The city of Lake Elsinore has created a guide to help homeowners navigate the mortgage relief program enacted by Congress as part of the CARES Act in March.
The Coronavirus Aid, Relief, and Economic Security Act, usually referred to by its acronym, was signed into law on March 27 and in addition to $2.2 trillion in stimulus spending the law allows up to one year of forbearance for all federally-backed loans.
City leaders are offering webinars in addition to the information available on the city’s website to walk homeowners through figuring out whether they are eligible for mortgage forbearance, and how to apply for it.
Lake Elsinore City Councilwoman Natasha Johnson announced the tutorial and webinars at the city’s May 12 council meeting.
“Mayor (Brian) Tisdale and I sit on the economic development subcommittee, and we’ve been talking about ways we can help our community bounce back from the effects of covid,” Johnson said at the council meeting.”We know that many of our homeowners that are residents are worried about financial security and protecting their home and being able to pay their mortgage during this difficult time.”
Forbearance means payments are delayed while no additional fees, penalties or additional interest beyond scheduled amounts will be added to the affected account. Homeowners must only be able to claim a pandemic-related financial hardship to qualify, the city says — no other documentation is required.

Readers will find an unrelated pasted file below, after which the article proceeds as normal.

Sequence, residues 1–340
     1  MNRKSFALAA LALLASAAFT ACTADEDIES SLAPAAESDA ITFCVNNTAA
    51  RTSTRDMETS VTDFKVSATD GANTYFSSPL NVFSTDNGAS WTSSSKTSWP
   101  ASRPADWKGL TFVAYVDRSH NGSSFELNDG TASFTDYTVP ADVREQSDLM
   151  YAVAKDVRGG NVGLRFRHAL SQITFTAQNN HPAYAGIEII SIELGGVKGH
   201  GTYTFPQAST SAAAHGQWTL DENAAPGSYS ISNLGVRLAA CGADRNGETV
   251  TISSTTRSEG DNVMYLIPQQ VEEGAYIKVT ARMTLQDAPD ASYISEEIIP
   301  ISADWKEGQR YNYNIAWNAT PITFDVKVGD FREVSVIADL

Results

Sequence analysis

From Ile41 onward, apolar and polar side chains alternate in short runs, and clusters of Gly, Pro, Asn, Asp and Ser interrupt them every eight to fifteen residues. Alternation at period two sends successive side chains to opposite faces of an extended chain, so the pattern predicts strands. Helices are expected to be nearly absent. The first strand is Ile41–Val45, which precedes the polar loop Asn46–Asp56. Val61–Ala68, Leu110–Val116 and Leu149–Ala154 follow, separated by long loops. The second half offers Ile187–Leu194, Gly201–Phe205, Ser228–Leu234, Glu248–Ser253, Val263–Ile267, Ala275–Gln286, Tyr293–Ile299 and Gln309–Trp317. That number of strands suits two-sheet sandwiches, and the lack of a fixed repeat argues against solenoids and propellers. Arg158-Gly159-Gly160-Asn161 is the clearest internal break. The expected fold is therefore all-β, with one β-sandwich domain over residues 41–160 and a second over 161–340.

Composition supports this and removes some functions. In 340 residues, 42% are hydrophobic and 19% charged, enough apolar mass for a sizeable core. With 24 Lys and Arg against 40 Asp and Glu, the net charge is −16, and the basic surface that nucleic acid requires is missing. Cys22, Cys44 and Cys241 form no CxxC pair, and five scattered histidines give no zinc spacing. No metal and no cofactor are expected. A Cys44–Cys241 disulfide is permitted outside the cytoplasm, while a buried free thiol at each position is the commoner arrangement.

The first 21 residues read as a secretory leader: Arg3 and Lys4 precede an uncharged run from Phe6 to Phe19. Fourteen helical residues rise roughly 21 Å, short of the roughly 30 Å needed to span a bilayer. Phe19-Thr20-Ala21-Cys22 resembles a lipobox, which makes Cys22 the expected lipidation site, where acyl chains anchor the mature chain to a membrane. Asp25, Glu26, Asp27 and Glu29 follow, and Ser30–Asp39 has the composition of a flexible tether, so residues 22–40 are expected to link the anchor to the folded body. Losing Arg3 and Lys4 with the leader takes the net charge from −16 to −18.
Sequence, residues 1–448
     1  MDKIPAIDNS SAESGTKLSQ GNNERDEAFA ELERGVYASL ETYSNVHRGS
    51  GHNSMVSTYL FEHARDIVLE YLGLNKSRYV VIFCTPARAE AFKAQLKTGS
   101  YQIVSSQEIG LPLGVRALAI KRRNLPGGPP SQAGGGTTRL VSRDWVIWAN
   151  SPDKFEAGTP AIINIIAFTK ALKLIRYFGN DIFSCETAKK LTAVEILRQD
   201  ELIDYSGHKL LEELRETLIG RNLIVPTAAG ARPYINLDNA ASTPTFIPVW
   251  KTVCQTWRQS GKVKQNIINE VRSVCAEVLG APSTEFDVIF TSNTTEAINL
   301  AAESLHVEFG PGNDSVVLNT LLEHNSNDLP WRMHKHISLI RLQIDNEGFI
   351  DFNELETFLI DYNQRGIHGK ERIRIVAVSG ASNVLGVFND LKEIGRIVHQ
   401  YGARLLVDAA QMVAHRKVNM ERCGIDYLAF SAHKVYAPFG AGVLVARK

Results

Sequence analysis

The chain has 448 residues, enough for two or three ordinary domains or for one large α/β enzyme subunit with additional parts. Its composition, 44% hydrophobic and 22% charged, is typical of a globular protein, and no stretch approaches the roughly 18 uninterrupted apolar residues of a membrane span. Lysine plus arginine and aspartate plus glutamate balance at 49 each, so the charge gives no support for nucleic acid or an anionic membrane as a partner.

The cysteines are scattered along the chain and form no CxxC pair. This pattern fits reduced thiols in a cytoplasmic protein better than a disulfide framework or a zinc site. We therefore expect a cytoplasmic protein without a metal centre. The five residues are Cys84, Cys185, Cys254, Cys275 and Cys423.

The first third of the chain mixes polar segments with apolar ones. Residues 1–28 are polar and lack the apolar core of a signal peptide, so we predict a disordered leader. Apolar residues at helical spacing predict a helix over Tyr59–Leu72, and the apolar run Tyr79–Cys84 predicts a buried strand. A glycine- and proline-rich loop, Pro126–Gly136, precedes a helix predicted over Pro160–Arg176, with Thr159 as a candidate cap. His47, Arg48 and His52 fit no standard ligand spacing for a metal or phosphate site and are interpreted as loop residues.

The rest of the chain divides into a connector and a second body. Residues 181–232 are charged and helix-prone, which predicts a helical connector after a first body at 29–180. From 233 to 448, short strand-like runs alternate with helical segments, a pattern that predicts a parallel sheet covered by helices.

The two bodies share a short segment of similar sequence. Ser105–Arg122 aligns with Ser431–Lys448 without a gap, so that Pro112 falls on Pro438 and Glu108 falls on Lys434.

However, insurance and property taxes must continue to be paid on homes approved for mortgage forbearance, and once mortgage payments resume, they will be slightly higher for the remaining balance of the loan to make up for the forbearance period.
The city says most home loans approved within the last 10 years are government-backed, but there are some loans the CARES Act forbearance will not apply to.
The city lists four examples of federally-backed mortgage programs: Fannie Mae (FNMA), Freddie Mac (FHLMC), FHA (Federal Housing Administration and VA (Veterans Administration).
Some examples of financial hardship include missing work after becoming infected with COVID-19, missing work to care for a family member infected with COVID-19, or being laid off, furloughed or losing hours due to the crisis.
After determining a loan is federally backed and an economic hardship exists, the city advises homeowners to follow these steps:
- Contact your mortgage servicer (those you make your payments to) by phone. Ask them for a COVID-19 Economic Impact Forbearance for six months. (You will be able to extend for additional six months if you are still impacted for a total of one year)
- Ask your mortgage servicer for their business address (this is likely where you send your payments to) Write them a certified letter requesting a forbearance. Remember to keep a copy for your own records!
- If you have an email address for your mortgage company, you should also send an email/copy of your forbearance request letter.
- Follow-up with your mortgage servicer and demand they grant your request your request in writing, whether it be an email or a letter.
The city also says even if a resident’s loan is not federally-backed, they can still call their lender to ask for a forbearance — while the lender can decline, they may be willing to work something out.
The webinars the city is hosting are scheduled for Saturday, May 16 at 10 a.m.; Monday, May 18 at 2:30 p.m.; Wednesday, May 20 at 10 a.m.; and Friday, May 22 at 2:30 p.m. Each of the webinars will be offered for free, but with a limit of 100 people per session. Additional information on the city’s forbearance tutorial and webinars is available here.
Will Fritz can be reached by email at email@example.com.